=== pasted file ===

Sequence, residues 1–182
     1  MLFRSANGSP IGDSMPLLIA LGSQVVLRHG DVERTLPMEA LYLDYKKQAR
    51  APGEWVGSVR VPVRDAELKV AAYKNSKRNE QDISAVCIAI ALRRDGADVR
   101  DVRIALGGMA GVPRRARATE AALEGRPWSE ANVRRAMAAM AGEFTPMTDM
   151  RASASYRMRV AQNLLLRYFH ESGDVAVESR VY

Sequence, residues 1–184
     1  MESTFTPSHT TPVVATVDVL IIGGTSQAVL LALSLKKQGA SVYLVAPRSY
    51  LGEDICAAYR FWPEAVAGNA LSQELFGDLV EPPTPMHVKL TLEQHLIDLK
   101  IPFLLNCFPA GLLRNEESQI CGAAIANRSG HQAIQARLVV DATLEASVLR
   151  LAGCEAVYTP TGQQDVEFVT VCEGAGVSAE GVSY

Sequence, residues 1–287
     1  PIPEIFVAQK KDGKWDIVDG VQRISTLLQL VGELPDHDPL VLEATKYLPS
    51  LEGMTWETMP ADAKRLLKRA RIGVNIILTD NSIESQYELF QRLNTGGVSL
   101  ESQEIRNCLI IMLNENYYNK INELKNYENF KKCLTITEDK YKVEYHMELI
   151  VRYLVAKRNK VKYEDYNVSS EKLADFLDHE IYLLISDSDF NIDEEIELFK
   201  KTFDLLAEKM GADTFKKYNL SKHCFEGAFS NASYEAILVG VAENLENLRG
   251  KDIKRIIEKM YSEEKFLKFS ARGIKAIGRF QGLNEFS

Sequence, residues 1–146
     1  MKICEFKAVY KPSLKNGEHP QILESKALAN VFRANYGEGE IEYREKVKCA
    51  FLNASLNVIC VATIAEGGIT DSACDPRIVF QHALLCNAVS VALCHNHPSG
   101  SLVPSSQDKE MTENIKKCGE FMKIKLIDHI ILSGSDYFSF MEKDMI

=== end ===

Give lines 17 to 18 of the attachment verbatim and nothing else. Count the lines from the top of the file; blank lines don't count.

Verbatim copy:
   251  KDIKRIIEKM YSEEKFLKFS ARGIKAIGRF QGLNEFS

Sequence, residues 1–146